West Ham's Andy Carroll (number 9) heads in the winner against Chelsea.

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Things don't look to be getting any better any time soon for Jose Mourinho or Chelsea. The reigning champions suffered another setback this Saturday, losing 2-1 at the Boleyn Ground to London rivals West Ham, as Andy Carroll scored the winner with 12 minutes to play, whipping a header to the far post.

Chelsea, who played half the game with just ten men after Nemanja Matic was sent off just before the break for a second bookable offense, showed many of the weaknesses that have dogged them this season, notably indiscipline and a strong self-destructive streak.

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That madness comes from the top. Note that Mourinho was banished to the stands after reportedly attempting to force his way into the referees' room at the break; and another member of his support staff, Silvino Luoro, was ordered off after having a go at the referee in-game. Mourinho, a repeat offender, is likely to face a heavy fine and a touchline ban. He's also likely to face questions about whether or not his antics are poisoning the team. For long spells today it certainly didn't look like his Chelsea were playing for him at all.

This ugly Chelsea side have only themselves to blame for another grim show that is likely to do the embattled Mourinho any favors. Chelsea have lurched through the season, weighed down both by Mourinho's penchant for combustion and expectations that now look foolish in the extreme.

Slaven Bilic's West Ham – who had already knocked off Arsenal, Liverpool and Manchester City this season and sat an unlikely fourth coming into today's game – looked fearless, and Asmir Begovic was tested early. Begovic made a fine save on Dimitri Payet's free-kick in the 15th minute, but could no nothing about Mauro Zarate's goal on the ensuing corner kick. Zarate lashed in a half-volley to the near post from the far top edge of the box that took a nick off Ramires and eluded a rooted John Terry to open the scoring.

It was no less than the Hammers had deserved, but Chelsea were unlucky not to equalize 15 minutes later when a goalmouth scramble saw Kurt Zouma seemingly nudge the ball over the line. Manuel Lanzini's clearance seemed too little to late but the goal-decision system did not buzz, and replays showed it was an incredibly tight – but correct – call. With Chelsea's players remonstrating, West Ham then barreled down the field and Lanzini was set up beautifully by Payet and Diafra Sakho only to put his attempt wildly over the bar.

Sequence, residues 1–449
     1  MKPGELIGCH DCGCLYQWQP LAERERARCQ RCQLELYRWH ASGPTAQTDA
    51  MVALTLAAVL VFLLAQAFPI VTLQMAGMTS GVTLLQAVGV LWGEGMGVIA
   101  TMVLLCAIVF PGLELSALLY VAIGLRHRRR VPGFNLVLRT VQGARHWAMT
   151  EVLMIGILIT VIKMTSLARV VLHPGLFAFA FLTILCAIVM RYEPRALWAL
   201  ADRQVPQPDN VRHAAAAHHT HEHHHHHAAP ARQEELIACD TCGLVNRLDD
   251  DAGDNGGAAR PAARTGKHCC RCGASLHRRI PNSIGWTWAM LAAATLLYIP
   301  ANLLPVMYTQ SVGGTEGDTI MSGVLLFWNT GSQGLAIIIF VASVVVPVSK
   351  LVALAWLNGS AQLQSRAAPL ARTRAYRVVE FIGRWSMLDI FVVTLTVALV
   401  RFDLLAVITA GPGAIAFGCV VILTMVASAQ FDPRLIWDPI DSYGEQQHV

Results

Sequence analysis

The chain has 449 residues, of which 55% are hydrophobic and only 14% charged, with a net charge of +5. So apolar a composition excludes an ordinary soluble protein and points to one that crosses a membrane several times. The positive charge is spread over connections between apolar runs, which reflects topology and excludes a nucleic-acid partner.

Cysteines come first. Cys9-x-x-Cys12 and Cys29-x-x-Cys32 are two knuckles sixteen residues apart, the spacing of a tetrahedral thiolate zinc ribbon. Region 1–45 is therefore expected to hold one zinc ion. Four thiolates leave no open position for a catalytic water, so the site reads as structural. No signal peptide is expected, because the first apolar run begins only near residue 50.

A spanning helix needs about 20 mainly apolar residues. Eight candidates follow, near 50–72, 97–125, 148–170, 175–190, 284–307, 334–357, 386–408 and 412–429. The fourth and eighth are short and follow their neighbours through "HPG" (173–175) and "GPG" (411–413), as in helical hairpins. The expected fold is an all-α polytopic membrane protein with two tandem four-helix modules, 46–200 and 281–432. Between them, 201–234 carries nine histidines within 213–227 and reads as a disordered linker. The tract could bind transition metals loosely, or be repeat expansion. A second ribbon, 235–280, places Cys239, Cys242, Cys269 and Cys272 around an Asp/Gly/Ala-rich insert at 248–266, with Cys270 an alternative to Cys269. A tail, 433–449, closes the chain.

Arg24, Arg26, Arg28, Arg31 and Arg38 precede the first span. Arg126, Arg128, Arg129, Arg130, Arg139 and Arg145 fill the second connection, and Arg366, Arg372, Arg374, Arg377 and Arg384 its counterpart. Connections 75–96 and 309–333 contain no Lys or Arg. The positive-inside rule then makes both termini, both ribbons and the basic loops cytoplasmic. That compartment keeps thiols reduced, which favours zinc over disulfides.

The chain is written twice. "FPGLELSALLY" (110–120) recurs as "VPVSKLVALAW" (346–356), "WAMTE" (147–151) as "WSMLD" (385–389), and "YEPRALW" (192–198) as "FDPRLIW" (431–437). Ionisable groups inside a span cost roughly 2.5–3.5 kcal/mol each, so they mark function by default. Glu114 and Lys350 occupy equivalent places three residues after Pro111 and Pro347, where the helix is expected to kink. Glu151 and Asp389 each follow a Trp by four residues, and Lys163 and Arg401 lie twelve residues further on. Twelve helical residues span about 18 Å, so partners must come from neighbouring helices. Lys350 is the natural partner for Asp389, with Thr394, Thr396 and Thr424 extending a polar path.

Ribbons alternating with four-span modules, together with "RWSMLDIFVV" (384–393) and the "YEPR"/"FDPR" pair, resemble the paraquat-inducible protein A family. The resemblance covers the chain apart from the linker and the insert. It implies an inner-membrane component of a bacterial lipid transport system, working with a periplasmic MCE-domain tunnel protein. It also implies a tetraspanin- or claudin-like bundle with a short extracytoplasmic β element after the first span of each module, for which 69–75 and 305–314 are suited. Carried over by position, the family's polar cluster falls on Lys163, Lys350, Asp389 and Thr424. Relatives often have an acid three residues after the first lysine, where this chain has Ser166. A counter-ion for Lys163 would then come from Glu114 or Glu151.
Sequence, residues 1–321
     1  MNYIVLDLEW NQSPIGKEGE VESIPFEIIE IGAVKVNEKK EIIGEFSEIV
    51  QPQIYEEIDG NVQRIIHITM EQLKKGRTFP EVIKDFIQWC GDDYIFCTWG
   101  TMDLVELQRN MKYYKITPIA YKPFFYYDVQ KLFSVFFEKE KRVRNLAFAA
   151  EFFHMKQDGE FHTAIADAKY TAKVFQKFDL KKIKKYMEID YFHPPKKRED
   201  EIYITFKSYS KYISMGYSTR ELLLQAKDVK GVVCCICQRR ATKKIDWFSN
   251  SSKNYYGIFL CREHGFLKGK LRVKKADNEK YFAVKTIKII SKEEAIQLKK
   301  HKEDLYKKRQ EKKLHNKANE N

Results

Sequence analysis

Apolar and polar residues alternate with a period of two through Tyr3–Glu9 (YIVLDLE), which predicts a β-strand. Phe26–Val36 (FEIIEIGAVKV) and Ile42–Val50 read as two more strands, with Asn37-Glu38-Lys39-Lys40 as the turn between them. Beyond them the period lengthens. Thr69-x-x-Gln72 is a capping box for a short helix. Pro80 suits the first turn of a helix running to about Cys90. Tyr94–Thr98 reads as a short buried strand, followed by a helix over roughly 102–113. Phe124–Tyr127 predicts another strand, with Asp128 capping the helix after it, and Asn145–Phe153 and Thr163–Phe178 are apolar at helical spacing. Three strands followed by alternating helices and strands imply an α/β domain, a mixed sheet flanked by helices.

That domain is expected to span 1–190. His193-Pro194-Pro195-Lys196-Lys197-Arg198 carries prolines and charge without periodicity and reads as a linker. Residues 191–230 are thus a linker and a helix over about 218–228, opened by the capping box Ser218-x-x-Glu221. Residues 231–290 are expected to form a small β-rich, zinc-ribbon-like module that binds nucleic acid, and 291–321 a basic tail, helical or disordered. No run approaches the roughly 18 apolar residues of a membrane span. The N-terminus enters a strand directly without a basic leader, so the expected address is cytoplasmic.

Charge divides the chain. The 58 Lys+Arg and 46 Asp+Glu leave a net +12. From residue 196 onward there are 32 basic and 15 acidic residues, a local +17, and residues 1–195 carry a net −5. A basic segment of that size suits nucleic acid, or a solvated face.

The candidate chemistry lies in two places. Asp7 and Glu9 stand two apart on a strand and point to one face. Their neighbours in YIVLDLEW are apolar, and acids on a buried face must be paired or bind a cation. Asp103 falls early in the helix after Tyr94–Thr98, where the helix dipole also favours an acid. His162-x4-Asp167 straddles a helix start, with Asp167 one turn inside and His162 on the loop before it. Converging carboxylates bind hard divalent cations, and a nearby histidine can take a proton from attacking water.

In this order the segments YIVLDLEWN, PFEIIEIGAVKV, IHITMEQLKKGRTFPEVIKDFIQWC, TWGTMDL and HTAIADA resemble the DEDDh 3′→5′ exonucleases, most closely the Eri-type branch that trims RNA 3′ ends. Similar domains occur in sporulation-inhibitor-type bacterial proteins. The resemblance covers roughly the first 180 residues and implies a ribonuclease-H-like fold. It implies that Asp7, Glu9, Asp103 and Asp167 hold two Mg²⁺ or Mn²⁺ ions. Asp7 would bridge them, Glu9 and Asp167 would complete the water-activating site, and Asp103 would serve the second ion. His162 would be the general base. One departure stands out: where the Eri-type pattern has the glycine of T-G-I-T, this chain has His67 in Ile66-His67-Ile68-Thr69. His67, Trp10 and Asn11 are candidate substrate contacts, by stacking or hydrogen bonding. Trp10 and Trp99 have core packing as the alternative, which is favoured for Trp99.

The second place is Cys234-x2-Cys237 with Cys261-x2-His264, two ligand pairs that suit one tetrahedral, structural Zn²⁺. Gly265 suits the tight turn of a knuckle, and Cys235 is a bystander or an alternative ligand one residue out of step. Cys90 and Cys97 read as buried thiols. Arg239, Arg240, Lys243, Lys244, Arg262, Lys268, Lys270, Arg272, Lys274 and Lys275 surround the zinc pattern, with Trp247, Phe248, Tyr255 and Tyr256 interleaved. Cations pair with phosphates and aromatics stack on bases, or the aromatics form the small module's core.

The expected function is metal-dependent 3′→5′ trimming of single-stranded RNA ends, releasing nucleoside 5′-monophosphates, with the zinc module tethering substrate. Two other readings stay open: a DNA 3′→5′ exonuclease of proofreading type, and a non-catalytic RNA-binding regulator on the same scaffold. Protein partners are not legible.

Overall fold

That was when Matic would collect the second of his two cards, hauling down Sakho to stop a clean break. Ref Jonathan Moss consulted with the linesman, and had no choice but to go to the back pocket. And that is when Chelsea – as they have done so often this season – imploded, with Cesc and Diego Costa picking up cards for dissent, while the Blues' bench heckled the fourth official.

Chelsea threw on John Obi Mikel for Cesc at the break, and clawed their goal back, with Gary Cahill managing to slam home a corner from eight yards out in the 55th minute. Keeper Adrian was caught in two minds on the corner and both Zouma and Cahill were in position to take advantage.

Chelsea did indeed look better in the second half -- but the lack of legs and numbers started to show as the game wore on with Chelsea increasingly compressed and West Ham turning up the hat. Terry nearly gifted Chelsea a goal, playing a poor ball back to Begovic that Sakho nearly intercepted. That defensive frailty bit them in the 80th minute, when a shanked clearance allowed Aaron Cresswell to hang up a cross that Carroll beat his marker to, to head home.

Mourinho has complained too much and too often in England, and the act is now threadbare. But it must be allowed that he does have one legitimate grievance tonight after what appeared to be a perfectly good goal waved off for offside. Cesc Fabregas had the ball in the back of the net off a sweeping break sprung by Willian, but the linesman's flag went up. Replays appeared to show Cesc neck and neck with the defender – and attackers are supposed to get the benefit of the doubt in any case. Mourinho's reaction – a look back at the replay and then a disgusted eyeroll before confronting the fourth official, told you all you needed to know about what his post-game narrative would be.

That said, Chelsea now must confront an ugly fact: Chelsea now have to be considered in a relegation scrap as they have just 11 points after ten games. Mourinho is unlikely to admit it, but Chelsea now have to start thinking more about collecting forty points than a top-four finish. And how long Mourinho remains in charge of this rabble? That's another open question after another dire weekend.